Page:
• $ diff - This differentiate content of a file.

  • $ locate ** - This locates any file. **$ locate ".txt" this will locate all the files which have .txt extension.

  • $ whoami - Displays username.

Screenshot (14).png

  • *File Permissions - * There are 3 file permissions Read, Write and Execute

$ chmod is the command to change file permissions.

*Performing action on multiple files *

If you wanna let's say remove multiple files at once then use:-

$ find . -type f -name "*.txt" -exec rm -rf {} +

basically {} is the placeholder and rm shows that remove these.

  • $ grep - Global regular expression print, grep allows to look for particular text in the file. GREP is case-sensitive. I have made a text file that contains names of different random people and applied the following commands 👇

$ grep "Kunal" names.txt

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$ grep -w "Kunal" names.txt

``` (Shows complete word)

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$ grep -i "kunal" names.txt

``` (shows case sensitive names too)

$ grep -iw "kunal" names.txt

``` (shows case sensitive names with word specified)

![Screenshot (15).png](

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$ grep -n "Kunal" names.txt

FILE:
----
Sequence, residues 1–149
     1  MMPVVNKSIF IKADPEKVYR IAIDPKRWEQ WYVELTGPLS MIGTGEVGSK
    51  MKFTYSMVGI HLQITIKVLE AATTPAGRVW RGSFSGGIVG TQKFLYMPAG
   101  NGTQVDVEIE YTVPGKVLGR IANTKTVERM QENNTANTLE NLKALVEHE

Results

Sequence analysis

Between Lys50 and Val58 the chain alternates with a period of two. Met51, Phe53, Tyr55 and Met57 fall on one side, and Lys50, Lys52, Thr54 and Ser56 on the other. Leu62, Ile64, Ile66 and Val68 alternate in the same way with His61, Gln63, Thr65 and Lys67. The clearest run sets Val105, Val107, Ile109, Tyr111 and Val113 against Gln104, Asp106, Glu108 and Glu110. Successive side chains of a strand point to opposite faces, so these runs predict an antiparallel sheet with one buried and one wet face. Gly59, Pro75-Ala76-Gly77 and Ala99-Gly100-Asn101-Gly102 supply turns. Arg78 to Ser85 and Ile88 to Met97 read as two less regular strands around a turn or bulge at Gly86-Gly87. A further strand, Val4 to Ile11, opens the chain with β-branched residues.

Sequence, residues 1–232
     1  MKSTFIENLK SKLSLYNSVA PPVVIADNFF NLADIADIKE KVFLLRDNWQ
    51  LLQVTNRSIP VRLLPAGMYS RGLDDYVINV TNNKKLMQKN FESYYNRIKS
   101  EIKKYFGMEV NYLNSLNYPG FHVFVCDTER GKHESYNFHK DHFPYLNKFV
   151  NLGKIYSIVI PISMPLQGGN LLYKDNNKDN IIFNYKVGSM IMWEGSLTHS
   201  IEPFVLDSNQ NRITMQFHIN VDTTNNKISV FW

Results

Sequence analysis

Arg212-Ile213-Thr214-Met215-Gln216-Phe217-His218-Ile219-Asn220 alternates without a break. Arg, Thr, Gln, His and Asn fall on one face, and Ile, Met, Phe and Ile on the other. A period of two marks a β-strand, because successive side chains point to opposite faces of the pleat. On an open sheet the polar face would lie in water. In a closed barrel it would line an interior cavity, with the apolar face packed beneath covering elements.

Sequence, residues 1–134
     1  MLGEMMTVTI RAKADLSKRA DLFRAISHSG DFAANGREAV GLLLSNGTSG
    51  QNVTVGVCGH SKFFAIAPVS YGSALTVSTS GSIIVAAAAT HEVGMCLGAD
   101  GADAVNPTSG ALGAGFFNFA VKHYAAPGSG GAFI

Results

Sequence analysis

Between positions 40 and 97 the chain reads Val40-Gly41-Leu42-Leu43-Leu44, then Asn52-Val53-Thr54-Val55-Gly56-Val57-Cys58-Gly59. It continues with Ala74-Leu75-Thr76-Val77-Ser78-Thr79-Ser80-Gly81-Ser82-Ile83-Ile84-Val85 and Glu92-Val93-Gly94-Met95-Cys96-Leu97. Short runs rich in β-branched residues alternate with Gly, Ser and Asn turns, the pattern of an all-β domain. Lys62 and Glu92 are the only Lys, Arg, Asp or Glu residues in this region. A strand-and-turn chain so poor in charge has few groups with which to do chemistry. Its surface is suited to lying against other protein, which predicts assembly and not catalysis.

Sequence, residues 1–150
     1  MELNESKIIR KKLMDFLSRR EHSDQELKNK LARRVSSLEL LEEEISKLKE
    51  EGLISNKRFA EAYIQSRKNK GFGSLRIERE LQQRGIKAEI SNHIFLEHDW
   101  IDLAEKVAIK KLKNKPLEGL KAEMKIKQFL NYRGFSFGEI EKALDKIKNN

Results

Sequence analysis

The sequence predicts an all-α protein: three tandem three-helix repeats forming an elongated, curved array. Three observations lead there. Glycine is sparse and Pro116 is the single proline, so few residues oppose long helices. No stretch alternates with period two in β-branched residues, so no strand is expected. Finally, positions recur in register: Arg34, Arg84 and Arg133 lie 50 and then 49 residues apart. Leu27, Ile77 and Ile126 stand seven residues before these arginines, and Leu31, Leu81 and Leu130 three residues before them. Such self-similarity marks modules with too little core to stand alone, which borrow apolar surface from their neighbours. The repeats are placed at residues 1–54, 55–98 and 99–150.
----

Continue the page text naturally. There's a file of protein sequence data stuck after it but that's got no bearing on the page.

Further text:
``` (Shows line number)

$ grep -win "Rahul" names.txt

``` (Combined with the word, case sensitive, and line number)

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$ grep -b 3 "Rahul" ./.*txt"

``` (WIll search for Rahul in all txt files)

$ grep -rwin "Rahul" ./.*txt

``` (Will search recursively in all directories)

![Screenshot (16).png](

**Terminal Shortcuts** - 

1. *Ctrl + A* - Moves the cursor to begin.
2. *Ctrl + E* - Moves the cursor to end.
3 *Ctrl + U* - Removes Everything written.
4. *Ctrl + K* - Removes a word after the cursor.
5. *Up and Down Keys* - Previous commands.
6. *$ !<Previous_Command>* - With ! sign it will run the previous command.
7.  *$ command_1;command_2;command_3* - Multiple commands with semi-colon.
8. *$ sort names.txt* - will sort in Ascending order.
9. *$ sort -r names.txt* - will sort all the names in reverse order.
10. *$  jobs* - displays current job.
11. *$ ping <url>* - Check your server.
12. *$ wget <URL>* - Download file.
13. *$ top* - shows all the running processes.
14 . *$ kill <process_id>* - Kills the running process.
15. *$ zip file_to_be_zipped* - Zips the file

if this doesn't work then use   ```

 $ sudo apt install zip

 ``` (installs package). Multiple files can be zipped.

16. *$ unzip* - Unzipes the file
17. *$ hostname* - Displays hostname.
18. *$ hostname -i* - Displays IP too
19. *$ uname* - Gives OS name
20. *$ uname -m* - Gives Architecture of os.
20. *$ uname -r* - Gives Kernal version.
21. *$ cat /etc/os-release* - Gives Operating System Info.
22. *$ free -h* - Displays free memory.

**Networking Commands - **

 - ```

$ nslookup

``` - Gives IP address of the particular site, here .

- ```

$ netstat

``` - Looks all active stat.

**Some more useful commands - **

- ```

$ cut -c 1-2 names.txt

``` - Gives names after cutting two letters and we can specify the condition as we need.

![Screenshot (18).png](

- ```

$ ps aux

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  • Gives all the processes and it'd ids.

So this was it from my side and there are tons of commands but you will get everything while learning. Things will come naturally.

If you have read till here..then thanks.
Keep Learning😊😊